- Mountains (Autumn 1) We start the year reviewing our geographical understanding of the UK, Europe and the world, using an atlas to identify the location of different mountain ranges. After this, we will learn about how mountains are formed, as well as describing the structure of mountains using geographical vocabulary, before finishing by comparing case studies of two different mountain ranges.
- Under the sea (Summer 1) In this topic, we start by recapping our map skills, reviewing the location of the 5 major oceans, before focusing on the countries and oceans of Europe. After this, we focus on how we as humans use the sea, making predictions and conclusions from data. We then explore the impact that humans have on the sea, before finishing by learning about the water cycle and becoming familiar with the vocabulary related to this. Cross curricular links include the study of ‘Under the sea’, a wordless book for English and the making of an under the sea fact file and poem. In Art, we design and create clay sculptures of sea creatures that have sparked our interest.
- Rivers and the water cycle (Summer 2) We start this topic by using maps and atlases to locate the major rivers in the world, Europe and the UK, before identifying the main physical features of a river, such as waterfalls and meanders. After that, we focus on case studies of flooding in Boscastle and Bangladesh, before finishing by learning how we use rivers today, and how our use of rivers has changed over time. Linking to this topic, we visit a local river where we will explore the features and wildlife of a river, and in our English lessons, we will be writing a brochure advertising this local river as a tourist attraction.
- Exciting Europe (Autumn 1 and 2) In Year 4, children start the year reviewing the continents and oceans of the world. We then narrow our focus to Europe, learning country names and locations and discovering some of the natural resources of Europe. We compare the physical and cultural features of Norway in Northern Europe and Italy in Southern Europe, exploring how place and climate influence these cultures. We consider Russia - its time zones and many borders! We learn how to use 4 figure grid references to discover more about Europe and how to write these as coordinates.
- Earthquakes and volcanoes (Spring 2) Children are naturally drawn to the wonders of creation - none less than volcanoes and their working. We discover the layers of the Earth and how plate tectonics influence the formation of earthquakes and volcanoes. We learn how humans have had to adapt to live in areas with active volcanoes or frequent earthquakes. We compare the impact of earthquakes in MEDC (more economically developed countries) and in LEDC (less economically developed countries).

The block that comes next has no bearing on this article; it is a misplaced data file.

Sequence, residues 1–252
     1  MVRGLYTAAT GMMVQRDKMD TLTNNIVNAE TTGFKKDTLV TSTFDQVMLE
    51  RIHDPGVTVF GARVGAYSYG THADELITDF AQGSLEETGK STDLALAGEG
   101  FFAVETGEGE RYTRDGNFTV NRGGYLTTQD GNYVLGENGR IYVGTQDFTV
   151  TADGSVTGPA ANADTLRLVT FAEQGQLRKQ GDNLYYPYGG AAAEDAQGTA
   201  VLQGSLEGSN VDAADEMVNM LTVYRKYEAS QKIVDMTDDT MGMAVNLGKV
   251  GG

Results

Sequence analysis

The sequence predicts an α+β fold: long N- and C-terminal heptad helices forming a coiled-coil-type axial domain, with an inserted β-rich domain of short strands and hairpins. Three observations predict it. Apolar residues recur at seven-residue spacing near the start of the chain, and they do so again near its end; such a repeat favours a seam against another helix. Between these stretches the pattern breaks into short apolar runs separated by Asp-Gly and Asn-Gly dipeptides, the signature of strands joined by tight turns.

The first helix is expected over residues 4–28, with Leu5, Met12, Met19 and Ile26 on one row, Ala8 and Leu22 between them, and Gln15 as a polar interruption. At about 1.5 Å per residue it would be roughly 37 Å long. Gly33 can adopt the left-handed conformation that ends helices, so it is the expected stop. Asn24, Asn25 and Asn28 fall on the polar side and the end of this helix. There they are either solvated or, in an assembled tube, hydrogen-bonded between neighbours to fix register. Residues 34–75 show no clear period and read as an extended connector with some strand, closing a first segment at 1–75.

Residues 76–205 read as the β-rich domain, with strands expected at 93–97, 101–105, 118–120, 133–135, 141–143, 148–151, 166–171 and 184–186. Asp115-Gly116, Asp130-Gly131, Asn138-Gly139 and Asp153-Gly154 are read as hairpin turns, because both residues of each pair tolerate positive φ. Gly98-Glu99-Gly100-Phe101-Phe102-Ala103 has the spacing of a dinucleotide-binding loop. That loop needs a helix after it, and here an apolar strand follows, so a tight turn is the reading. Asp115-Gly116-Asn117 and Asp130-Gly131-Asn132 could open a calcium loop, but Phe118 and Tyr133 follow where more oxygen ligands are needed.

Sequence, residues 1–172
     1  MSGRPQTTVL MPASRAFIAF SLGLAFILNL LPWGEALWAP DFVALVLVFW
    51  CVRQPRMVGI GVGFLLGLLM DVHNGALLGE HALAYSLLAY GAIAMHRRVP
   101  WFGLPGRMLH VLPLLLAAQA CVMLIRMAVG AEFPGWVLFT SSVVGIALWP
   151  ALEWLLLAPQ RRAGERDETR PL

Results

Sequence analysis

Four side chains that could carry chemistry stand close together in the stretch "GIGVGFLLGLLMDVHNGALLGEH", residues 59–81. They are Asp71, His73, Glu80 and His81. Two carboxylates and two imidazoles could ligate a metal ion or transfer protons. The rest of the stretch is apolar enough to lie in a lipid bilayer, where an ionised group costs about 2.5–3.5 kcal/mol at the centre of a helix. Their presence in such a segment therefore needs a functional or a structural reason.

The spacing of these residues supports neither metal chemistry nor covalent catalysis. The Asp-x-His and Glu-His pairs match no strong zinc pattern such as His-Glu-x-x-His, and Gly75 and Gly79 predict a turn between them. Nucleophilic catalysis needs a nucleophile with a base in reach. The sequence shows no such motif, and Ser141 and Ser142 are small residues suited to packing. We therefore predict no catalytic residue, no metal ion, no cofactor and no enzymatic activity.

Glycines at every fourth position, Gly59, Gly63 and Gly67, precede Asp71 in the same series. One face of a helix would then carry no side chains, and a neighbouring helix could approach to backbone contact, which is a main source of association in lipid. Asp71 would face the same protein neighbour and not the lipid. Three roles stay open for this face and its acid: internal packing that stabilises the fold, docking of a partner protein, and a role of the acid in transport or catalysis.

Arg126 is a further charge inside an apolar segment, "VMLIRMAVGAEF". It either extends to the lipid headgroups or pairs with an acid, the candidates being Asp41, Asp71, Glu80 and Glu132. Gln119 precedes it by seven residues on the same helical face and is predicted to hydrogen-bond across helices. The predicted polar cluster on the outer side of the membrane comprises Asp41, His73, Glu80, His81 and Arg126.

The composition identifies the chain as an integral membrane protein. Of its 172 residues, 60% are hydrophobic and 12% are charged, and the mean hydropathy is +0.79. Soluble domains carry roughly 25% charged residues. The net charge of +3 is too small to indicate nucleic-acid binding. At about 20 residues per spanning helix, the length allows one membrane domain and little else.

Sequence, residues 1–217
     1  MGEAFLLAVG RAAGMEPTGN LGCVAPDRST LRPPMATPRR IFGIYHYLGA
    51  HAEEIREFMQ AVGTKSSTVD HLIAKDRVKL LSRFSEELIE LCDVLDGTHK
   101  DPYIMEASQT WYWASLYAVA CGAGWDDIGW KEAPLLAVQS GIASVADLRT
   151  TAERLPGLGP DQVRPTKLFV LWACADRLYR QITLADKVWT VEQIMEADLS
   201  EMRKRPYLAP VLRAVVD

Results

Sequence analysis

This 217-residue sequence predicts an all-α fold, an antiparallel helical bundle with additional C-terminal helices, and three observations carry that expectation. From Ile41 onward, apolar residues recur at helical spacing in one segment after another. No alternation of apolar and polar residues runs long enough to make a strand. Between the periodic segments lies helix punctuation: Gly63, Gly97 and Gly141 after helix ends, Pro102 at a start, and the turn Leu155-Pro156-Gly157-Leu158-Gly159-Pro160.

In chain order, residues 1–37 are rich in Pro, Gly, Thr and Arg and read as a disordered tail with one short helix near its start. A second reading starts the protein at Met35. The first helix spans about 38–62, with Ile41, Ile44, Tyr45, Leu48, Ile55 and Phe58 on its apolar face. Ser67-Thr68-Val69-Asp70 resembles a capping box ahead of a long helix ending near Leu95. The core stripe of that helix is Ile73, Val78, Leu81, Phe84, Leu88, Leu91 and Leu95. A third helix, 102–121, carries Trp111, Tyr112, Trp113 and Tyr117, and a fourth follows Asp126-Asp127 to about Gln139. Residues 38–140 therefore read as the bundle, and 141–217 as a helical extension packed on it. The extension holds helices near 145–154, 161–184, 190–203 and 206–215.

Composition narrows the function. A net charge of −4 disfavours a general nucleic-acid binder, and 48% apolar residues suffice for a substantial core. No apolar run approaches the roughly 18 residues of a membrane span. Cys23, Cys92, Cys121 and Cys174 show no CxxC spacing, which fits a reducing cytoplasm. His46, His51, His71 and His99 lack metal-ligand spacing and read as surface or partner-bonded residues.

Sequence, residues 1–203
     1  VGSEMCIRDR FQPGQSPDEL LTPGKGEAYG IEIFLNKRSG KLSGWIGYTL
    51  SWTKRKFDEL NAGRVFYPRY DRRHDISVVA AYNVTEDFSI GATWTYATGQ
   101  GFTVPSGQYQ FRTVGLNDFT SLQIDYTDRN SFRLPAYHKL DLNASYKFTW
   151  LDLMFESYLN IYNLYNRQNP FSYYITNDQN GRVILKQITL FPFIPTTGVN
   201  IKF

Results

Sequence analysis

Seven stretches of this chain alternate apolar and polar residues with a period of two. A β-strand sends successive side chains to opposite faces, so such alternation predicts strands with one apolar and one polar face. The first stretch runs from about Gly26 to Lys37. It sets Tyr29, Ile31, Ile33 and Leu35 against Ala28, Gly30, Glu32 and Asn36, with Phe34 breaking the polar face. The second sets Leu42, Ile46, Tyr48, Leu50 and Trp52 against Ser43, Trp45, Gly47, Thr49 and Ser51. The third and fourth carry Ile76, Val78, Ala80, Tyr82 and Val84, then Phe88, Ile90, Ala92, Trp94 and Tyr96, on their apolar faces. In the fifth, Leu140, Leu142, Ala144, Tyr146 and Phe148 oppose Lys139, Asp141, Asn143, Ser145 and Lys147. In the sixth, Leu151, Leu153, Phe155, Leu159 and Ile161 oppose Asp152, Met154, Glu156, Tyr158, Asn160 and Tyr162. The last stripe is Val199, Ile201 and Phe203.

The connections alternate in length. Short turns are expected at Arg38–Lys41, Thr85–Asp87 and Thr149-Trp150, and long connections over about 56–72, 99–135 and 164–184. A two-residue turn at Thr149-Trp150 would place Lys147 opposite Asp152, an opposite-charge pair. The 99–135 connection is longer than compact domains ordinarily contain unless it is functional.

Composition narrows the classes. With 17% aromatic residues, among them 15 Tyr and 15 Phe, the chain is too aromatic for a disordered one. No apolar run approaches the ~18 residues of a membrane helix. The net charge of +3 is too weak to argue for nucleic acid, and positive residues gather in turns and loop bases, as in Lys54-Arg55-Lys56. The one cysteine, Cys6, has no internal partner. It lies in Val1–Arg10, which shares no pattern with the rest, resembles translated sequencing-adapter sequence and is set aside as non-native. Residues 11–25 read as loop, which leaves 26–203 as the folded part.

- Iceland, Texas and the UK (Summer 2) We explore these regions of the world looking at their physical features and consider how these have influenced the cultures that have developed including farming and jobs. The children use geographical sources in their own research about these locations. This unit also includes field work in and around New Malden and Central London considering why some areas are busier than others.
- Features of the globe and climate zones (Autumn 2) We start Year 5 revisiting features of the globe and developing the children’s knowledge of the lines of latitude and longitude. We then learn about different time zones and their significance. Building on this knowledge, children locate and investigate the climate zones across the world, identifying the features of different regions. They understand the difference between weather and climate and consider the significance of the Gulf Stream. Children develop their own project identifying key human and physical features of a climate zone of their choice.
- Trade (Spring 1) We explore the distribution of natural resources and consider how these are linked to the climate zones and how they influence a country’s ability to trade. We deepen a geographical questioning as we explore why some countries get richer while others and poorer. We use the language of export and import, renewable and non-reviewable resources. Our case study focuses on El Salvador.
- Advocates in our Local Community (Summer 2) In this unit, we turn the lens close to home bringing together the geographical enquiry and skills that we have learned so far and developing these further in a very practical way. We start the unit, making links with RE and mapping out local places of worship in our community so that we can direct others to them. We then use fieldwork to observe, measure, record and present information about waste and recycling in our school and how we can work to grow awareness and improve the current situation.
- British Geography (Autumn 2) We build on what children learnt in Year 1 and name and locate counties and cities of the United Kingdom, geographical regions and their identifying human and physical characteristics. We look at key topographical features (including hills, mountains, coasts and rivers) and understand how some of these aspects have changed over time.
- Biomes and Vegetation Belts (Spring 2) We learn about the five types of biome, understanding the biome in which we live and how that affects the environment around us. We think about how life is different in each of the five types of biome. We then look at the impact of climate change on the UK and around the world.
- Land Use (Summer 1) In the summer term, children learn about different land uses in the UK. They compare different settlements and think about why people will choose to live in one over another. Children plan and carry out their own fieldwork exercise, analyse their results and then communicate it to an audience.